Thanks for visiting Tierra Viva Farm, your source of fresh, local, naturally grown vegetables in the Harlingen area.   The health of the soil, the plants, and the people who eat them are my priorities.  I use no synthetic pesticides and apply a variety of organic fertilizers.

That's the short version. The long version is:

I started this little farm because human health begins in healthy, living soil. I saw that if I wanted nutritionally-dense, ripe, fresh food, I was going to have to grow it myself.  The modern, "cheap" industrial food system excels at producing cosmetically pretty food.  But is it really cheap once we consider all the hidden costs: the poison spraying, topsoil erosion, taxpayer subsidies, antibiotic resistence,  animal suffering, oil-dependence,  and lack of flavor? I refuse to contribute to these problems.

It's no secret that fertile soils rich in minerals and organic matter produce healthier plants and livestock and people.  A hundred years of scientific study have revealed this repeatedly, and peoples around the world have know this based on informal observation  for thousands of years.   But today food is sold based only on price - never any mention is made of its quality.

"Industrial agriculture, because it depends on standardization, has bombarded us with the message that all pork is pork, all chicken is chicken, eggs eggs, even though we all know that can’t really be true. But it’s downright un-American to suggest that one egg might be nutritionally superior to another.” Joel recited the slogan of his local supermarket chain: “‘We pile it high and sell it cheap.’ What other business would ever sell its products that way?”  -Joel Salatin

I think nutrition should be the foremost concern of any farmer. But today's system doesn't promote that viewpoint:

"Despite all the apparent advances in industrial agriculture, the nutritional qualities of our basic foodstuffs have been declining during this century. That's largely because most agronomists focus on bulk yield and profitability of the crop, whilst knowing next to nothing about animal/human nutrition. However, there's a little-appreciated "law" about this area: nutritional value usually drops in direct relationship to the increase in bulk production. Or, in agriculture at any rate, "quality" seems the opposite of "quantity."     -Steve Solomon, www.soilandhealth.org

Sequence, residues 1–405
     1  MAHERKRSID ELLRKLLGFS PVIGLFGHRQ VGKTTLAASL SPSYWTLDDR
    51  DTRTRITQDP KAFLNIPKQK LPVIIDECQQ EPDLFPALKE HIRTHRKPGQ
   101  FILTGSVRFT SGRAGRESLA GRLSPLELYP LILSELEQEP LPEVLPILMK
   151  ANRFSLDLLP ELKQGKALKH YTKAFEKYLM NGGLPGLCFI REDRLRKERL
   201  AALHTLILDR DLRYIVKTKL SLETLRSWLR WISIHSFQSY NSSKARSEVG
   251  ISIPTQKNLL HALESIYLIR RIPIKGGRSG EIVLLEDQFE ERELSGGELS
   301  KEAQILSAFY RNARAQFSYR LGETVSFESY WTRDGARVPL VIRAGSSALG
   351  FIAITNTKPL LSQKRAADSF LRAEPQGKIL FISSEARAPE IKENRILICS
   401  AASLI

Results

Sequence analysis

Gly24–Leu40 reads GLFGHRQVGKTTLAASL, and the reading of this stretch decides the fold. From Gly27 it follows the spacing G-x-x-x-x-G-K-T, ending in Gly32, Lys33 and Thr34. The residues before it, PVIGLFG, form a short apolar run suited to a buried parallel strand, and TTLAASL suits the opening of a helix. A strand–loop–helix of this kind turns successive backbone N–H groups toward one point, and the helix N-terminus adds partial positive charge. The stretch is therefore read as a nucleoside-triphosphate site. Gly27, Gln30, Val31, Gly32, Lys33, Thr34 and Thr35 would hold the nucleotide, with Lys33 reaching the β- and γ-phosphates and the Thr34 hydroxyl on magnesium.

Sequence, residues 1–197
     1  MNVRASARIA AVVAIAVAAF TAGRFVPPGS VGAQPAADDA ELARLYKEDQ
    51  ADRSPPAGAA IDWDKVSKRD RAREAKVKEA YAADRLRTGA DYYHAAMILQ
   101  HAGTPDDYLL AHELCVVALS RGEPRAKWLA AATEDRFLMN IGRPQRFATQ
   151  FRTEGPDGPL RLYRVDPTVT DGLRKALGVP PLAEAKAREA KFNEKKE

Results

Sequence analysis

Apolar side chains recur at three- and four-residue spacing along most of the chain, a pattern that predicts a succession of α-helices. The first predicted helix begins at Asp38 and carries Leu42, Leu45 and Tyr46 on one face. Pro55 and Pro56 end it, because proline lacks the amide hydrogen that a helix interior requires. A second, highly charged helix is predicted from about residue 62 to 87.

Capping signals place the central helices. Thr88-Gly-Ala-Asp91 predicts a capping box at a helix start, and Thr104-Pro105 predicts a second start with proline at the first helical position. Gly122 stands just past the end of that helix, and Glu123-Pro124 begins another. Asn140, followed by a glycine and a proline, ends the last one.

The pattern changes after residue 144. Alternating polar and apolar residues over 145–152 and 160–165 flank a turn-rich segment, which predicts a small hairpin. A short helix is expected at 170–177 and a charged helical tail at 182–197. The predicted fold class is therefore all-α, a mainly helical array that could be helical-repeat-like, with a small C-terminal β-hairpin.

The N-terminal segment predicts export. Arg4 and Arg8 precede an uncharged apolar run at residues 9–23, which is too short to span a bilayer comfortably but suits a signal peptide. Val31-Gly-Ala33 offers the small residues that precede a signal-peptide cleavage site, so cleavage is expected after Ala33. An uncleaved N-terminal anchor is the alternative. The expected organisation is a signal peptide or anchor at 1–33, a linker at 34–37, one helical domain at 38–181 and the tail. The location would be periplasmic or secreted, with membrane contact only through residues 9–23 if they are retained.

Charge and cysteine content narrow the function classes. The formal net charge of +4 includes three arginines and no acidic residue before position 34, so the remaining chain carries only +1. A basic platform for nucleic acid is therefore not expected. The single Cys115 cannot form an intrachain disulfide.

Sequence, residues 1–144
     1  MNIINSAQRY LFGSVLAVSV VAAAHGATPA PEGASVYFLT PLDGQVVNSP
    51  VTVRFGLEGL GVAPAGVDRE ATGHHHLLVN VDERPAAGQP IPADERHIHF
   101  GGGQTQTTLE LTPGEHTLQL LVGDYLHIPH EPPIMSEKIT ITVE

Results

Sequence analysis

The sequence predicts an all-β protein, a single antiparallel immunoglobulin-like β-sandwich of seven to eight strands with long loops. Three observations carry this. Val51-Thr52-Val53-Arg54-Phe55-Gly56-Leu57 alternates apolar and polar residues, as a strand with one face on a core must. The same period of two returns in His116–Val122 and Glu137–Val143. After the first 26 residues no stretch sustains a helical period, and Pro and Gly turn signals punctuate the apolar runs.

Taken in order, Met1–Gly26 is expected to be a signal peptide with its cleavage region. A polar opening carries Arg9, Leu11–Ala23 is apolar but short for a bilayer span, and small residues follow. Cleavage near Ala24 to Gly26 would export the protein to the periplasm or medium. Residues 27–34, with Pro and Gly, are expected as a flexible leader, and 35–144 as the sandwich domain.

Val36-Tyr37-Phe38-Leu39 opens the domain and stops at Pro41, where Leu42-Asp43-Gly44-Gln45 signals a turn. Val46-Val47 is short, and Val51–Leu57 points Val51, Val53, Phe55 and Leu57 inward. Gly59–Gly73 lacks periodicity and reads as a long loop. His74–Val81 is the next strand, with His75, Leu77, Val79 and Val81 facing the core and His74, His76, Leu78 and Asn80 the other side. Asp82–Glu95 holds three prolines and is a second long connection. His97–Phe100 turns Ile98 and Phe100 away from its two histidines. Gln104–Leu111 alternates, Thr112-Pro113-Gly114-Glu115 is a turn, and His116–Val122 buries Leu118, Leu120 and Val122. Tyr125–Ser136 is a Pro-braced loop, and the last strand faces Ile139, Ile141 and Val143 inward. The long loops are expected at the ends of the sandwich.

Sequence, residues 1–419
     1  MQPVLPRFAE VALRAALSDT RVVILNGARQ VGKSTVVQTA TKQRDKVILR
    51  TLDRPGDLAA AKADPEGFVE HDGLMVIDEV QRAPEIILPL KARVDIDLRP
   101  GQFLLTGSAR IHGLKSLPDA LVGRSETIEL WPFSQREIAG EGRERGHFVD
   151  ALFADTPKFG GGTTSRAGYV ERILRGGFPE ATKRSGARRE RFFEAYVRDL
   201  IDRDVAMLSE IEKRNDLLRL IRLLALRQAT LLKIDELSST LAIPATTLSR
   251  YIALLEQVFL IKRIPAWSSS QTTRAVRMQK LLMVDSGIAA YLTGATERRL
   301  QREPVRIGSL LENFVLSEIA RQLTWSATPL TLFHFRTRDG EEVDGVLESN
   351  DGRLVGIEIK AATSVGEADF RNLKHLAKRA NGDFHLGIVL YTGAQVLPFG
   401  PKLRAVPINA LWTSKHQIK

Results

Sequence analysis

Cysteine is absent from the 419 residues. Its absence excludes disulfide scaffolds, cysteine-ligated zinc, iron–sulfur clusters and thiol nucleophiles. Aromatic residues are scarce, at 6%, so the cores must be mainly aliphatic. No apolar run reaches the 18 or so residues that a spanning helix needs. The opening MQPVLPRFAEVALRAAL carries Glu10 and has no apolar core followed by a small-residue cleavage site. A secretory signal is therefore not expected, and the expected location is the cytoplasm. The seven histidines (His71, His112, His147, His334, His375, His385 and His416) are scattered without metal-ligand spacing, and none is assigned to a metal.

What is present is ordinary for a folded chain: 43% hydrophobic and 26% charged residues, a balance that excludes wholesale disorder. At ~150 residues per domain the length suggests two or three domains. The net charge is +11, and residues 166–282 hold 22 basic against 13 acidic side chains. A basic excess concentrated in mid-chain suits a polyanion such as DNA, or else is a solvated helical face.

It's a big problem, and I can only do what I can with what I have where I'm at.  In my little patch of the Earth, soil health is the top priority.  Here's some of what I do to bring you the best food I can:
  • No Pesticides, synthetic fertilizers, or herbicides  -  These things often do serious harm to soil biology (and people) and are unneccesary.  
  • Compost -  everything I can I get my hands on from the farm, and then some. The piles of water hyacinth next to all the canals are a favorite of mine. Got manure or bagged yard waste? Can I have it? ;)
  • Natural Fertilizers - Guano, Gypsum for Ca and S, langbeinite for K, Mg, S, lime for Ca and Mg, Soft Rock Phosphate for P,  cottonseed meal for N, P, and K.  
  • Fish emulsion and seaweed - ocean-grown biomatter is a great source of trace elements. 
  • Green Manures - Bare soil is like a body with no skin.  I always try to have cover crops adding organic matter and recycling nutrients in the soil.  Leguminous cover crops add nitrogen too.
  • Windbreaks - The Valley needs more windbreaks!  Plants grow better and use less water when protected from excess wind.  Next time the wind is blowing topsoil into your face at45 mph, ask the farmers around you why they don't plant windbreaks and cover crops.  I still don't know!  
  • Wide Plant Spacing -  Most of my plants are spaced farther apart than is commonly suggested.  I aim to let each plant have a big root system to forage for soil nutrients. The yield per area might drop a little, but the quality increases.
  • Mix Animal and Vegetable Agriculture - many of the worst problems of industrial ag  stem from the divorce of animal farms from crop farms.  In short, plants need animal wastes and animals need living plants.... and nobody needs a 4 million gallon manure lagoon at a confined-animal-feeding-operation waiting to break.
  • There's more - There's always a better way, and I'm always open to it...